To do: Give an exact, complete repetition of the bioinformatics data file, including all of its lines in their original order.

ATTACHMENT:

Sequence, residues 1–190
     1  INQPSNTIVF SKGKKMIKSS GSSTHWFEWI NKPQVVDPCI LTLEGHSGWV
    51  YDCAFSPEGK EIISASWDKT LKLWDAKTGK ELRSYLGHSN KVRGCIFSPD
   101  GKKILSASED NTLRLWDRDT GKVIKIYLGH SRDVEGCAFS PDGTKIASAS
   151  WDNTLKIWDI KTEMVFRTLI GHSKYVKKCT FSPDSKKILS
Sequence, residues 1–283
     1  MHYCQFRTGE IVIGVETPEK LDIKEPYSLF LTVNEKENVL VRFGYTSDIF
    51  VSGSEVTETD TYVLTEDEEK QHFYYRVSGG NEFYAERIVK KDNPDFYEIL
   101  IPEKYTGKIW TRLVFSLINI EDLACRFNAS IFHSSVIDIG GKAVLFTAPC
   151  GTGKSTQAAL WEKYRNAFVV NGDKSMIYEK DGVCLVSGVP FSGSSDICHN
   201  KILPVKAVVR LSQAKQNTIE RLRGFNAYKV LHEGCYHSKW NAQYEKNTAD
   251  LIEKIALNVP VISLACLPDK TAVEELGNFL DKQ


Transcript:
Sequence, residues 1–190
     1  INQPSNTIVF SKGKKMIKSS GSSTHWFEWI NKPQVVDPCI LTLEGHSGWV
    51  YDCAFSPEGK EIISASWDKT LKLWDAKTGK ELRSYLGHSN KVRGCIFSPD
   101  GKKILSASED NTLRLWDRDT GKVIKIYLGH SRDVEGCAFS PDGTKIASAS
   151  WDNTLKIWDI KTEMVFRTLI GHSKYVKKCT FSPDSKKILS
Sequence, residues 1–283
     1  MHYCQFRTGE IVIGVETPEK LDIKEPYSLF LTVNEKENVL VRFGYTSDIF
    51  VSGSEVTETD TYVLTEDEEK QHFYYRVSGG NEFYAERIVK KDNPDFYEIL
   101  IPEKYTGKIW TRLVFSLINI EDLACRFNAS IFHSSVIDIG GKAVLFTAPC
   151  GTGKSTQAAL WEKYRNAFVV NGDKSMIYEK DGVCLVSGVP FSGSSDICHN
   201  KILPVKAVVR LSQAKQNTIE RLRGFNAYKV LHEGCYHSKW NAQYEKNTAD
   251  LIEKIALNVP VISLACLPDK TAVEELGNFL DKQ